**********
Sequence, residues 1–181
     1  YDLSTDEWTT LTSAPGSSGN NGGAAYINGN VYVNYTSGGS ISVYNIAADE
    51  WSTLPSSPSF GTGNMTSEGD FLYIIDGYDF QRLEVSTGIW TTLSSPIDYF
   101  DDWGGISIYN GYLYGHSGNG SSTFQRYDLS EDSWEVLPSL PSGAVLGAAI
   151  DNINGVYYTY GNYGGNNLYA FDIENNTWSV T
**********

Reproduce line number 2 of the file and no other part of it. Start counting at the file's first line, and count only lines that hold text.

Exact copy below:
     1  YDLSTDEWTT LTSAPGSSGN NGGAAYINGN VYVNYTSGGS ISVYNIAADE